Iron rain possible on Jupiter’s dark side

Astronomers have captured for the first time photographs of the night side of hot Jupiter WASP-121b.

Because of special circumstances formed on this side of the planet, scientists do not rule out the presence of clouds of iron and aluminum oxide, as a mineral that forms the basis for sapphire. The results of the study were published in the scientific journal Nature Astronomy.

One of the authors of the article in this regard, a researcher at the Massachusetts Institute of Technology, Thomas Michael Evans, said: “Our data indicate that the dark side of WASP-121b is cool enough to allow the presence of clouds of iron vapor and corundum vapor, as the mineral that forms the basis of sapphire. Clouds boundary between the two hemispheres of the planet, a strange rain of liquid gems is falling.”

Hot Jupiters are gas giants that are a short distance from their star, much closer than the distance between Mercury and the Sun. Therefore, the temperature of the atmosphere on such planets rises to several hundred degrees Celsius. Due to its proximity to the star, a year on hot Jupiter usually only lasts for several Earth days.

One of the hottest planets of this type is WASP-121b, which is located in the constellation Puppis at a distance of 850 light-years from Earth. Gravitational interactions with the star cause WASP-121b to spin so fast that one side is always pointed toward the sun, while the other is constantly immersed in darkness. As a result, the luminous side of WASP-76b is heated to 2300-2500°C, while the other side is several hundred degrees cooler.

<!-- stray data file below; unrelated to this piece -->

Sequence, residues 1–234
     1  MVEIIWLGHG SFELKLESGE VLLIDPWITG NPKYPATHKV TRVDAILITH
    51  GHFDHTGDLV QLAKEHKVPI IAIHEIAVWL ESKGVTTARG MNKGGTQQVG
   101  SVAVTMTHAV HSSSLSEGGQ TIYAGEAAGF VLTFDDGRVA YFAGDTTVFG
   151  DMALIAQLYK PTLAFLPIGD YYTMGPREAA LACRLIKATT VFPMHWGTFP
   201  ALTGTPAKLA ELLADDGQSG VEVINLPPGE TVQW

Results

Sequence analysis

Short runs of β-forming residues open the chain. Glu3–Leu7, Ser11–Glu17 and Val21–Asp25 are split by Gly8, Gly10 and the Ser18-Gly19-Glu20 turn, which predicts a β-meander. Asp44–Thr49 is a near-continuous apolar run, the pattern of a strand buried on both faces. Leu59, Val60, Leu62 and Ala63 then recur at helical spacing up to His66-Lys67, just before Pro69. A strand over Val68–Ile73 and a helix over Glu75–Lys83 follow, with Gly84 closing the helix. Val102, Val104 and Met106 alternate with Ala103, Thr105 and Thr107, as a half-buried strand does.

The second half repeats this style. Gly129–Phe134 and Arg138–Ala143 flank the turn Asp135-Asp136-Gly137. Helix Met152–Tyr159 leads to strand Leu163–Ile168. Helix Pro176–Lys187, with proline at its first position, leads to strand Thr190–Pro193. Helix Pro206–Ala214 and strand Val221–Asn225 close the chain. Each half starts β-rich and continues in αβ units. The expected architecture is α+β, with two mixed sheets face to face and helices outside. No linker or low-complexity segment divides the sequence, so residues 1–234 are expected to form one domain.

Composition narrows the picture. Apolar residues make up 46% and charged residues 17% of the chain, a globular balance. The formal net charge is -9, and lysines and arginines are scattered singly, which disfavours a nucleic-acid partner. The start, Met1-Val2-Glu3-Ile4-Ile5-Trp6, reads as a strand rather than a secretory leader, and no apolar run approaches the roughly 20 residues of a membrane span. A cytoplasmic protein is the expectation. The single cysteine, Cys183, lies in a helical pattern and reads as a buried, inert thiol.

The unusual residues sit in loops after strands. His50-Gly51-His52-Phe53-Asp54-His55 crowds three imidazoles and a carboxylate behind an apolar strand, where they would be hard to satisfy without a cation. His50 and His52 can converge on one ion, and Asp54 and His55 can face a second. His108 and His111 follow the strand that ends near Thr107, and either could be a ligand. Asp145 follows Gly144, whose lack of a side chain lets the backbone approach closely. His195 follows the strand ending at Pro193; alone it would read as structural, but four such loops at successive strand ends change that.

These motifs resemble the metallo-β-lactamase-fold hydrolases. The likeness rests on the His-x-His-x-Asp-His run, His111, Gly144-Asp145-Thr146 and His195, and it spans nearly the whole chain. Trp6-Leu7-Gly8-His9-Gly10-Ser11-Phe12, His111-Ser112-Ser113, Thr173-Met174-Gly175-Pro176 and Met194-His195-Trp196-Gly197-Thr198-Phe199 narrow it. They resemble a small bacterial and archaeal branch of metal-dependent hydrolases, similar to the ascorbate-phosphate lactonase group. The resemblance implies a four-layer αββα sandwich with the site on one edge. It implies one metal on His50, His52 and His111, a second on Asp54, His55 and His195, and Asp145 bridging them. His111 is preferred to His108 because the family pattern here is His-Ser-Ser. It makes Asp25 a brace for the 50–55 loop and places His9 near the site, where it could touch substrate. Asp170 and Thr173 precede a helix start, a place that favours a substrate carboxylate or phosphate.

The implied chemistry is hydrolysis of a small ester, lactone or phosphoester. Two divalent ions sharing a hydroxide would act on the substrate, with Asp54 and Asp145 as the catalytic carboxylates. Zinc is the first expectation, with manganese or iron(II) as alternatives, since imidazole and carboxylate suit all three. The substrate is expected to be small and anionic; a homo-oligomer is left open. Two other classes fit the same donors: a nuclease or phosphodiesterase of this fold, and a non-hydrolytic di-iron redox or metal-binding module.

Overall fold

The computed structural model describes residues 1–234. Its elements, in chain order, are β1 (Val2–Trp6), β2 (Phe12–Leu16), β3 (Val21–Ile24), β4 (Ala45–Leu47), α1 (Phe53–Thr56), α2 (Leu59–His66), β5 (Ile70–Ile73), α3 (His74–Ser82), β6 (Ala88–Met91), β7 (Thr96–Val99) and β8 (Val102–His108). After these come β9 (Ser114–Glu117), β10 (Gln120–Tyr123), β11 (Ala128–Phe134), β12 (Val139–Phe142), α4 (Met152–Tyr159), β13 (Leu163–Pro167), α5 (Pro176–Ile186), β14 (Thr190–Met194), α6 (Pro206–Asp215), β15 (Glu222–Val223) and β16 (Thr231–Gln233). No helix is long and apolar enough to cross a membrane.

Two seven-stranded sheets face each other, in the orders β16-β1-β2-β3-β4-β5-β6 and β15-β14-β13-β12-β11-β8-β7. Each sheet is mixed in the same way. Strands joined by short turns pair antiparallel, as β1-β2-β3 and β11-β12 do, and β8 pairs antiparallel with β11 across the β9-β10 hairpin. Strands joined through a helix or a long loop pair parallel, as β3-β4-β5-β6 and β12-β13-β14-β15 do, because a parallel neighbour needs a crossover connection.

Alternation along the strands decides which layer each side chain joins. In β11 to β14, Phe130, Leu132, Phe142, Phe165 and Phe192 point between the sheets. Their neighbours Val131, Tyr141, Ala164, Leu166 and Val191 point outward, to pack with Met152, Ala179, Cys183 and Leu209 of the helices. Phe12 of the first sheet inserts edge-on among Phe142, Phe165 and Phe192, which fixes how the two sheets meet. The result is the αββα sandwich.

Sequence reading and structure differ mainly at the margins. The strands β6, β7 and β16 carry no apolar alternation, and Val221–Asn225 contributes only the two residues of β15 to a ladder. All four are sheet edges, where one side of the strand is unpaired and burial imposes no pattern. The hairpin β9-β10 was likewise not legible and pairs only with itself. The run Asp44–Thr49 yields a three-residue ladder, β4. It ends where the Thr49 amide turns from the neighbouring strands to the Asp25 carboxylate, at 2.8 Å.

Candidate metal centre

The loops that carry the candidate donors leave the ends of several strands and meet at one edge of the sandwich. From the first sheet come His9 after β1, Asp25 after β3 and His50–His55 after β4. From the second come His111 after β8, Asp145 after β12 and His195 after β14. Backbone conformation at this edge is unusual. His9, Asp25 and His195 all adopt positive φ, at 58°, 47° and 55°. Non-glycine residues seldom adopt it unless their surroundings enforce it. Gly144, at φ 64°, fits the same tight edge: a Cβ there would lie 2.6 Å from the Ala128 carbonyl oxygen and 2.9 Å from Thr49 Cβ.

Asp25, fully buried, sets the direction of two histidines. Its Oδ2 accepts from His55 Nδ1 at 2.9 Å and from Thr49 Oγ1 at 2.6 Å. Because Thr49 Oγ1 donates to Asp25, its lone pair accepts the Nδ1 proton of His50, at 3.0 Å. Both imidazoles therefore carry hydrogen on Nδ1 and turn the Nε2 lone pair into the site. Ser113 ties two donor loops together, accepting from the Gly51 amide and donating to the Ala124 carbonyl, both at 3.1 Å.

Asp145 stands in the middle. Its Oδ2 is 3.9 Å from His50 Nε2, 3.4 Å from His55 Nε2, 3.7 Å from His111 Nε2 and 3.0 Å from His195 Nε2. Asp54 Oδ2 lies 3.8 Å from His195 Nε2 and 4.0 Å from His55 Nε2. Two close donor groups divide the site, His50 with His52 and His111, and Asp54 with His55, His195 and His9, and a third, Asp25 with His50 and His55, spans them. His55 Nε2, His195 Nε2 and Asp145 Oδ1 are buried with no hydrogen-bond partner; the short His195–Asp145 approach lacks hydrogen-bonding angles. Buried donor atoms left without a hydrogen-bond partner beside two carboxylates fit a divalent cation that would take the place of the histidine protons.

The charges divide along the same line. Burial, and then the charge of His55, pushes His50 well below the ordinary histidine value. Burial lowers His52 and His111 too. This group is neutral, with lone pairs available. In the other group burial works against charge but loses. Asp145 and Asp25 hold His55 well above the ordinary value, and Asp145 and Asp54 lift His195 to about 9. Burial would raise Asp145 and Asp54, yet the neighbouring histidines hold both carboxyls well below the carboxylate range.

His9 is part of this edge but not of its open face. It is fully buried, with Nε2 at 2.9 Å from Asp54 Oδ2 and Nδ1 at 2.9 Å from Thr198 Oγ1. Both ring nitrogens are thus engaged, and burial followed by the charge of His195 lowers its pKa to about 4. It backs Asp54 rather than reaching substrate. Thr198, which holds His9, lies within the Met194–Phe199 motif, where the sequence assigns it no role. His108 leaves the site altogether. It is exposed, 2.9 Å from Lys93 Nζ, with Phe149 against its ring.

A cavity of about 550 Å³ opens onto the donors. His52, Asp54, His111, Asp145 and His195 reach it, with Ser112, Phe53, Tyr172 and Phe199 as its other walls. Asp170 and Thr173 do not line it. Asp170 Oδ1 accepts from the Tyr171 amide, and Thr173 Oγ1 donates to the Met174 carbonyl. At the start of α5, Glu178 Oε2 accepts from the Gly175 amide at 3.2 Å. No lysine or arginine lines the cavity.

Astronomers tried to study the dark side of this planet for a long time, but they always failed to achieve this, because the night side produces 10 times less light and heat than the day side, and scientists were unable to measure the exact temperature on the dark side of the hot Jupiter and know the components and behavior of its atmosphere.

For two years, astronomers monitored the rotation of WASP-121b around its star using infrared instruments at the Hubble Space Laboratory, and tracked how the brightness of the glow caused by water vapor molecules changed as the planet moved in its orbit, thanks to which they separated the incoming rays from the visible sides. and dark.

Analysis of images of the dark side of WASP-121b showed that the difference in temperature between the light and dark sides of this hot Jupiter was higher than previously assumed by planetary scientists. The hottest point of WASP-121b was heated up to 2,700°C, and the coldest point was heated to just 500-800°C.

Because of this large temperature difference, several strange phenomena can occur simultaneously, including winds of more than 18,000 km/h, and strange clouds of metal fumes such as corundum, perovskite, and forsterite.

Scientists assumed that because of these clouds, raindrops of liquid gems and droplets of frozen minerals fall on the planet.

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